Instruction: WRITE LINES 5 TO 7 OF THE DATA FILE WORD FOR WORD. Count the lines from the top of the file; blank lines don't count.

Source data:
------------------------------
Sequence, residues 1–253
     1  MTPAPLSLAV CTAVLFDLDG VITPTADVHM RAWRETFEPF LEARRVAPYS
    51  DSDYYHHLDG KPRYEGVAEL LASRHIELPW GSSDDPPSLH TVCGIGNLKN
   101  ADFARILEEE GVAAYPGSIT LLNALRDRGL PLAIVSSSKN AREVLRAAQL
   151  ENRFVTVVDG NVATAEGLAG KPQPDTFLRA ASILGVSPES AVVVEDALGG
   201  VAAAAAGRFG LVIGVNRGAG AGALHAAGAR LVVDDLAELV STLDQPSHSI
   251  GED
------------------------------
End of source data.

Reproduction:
   151  ENRFVTVVDG NVATAEGLAG KPQPDTFLRA ASILGVSPES AVVVEDALGG
   201  VAAAAAGRFG LVIGVNRGAG AGALHAAGAR LVVDDLAELV STLDQPSHSI
   251  GED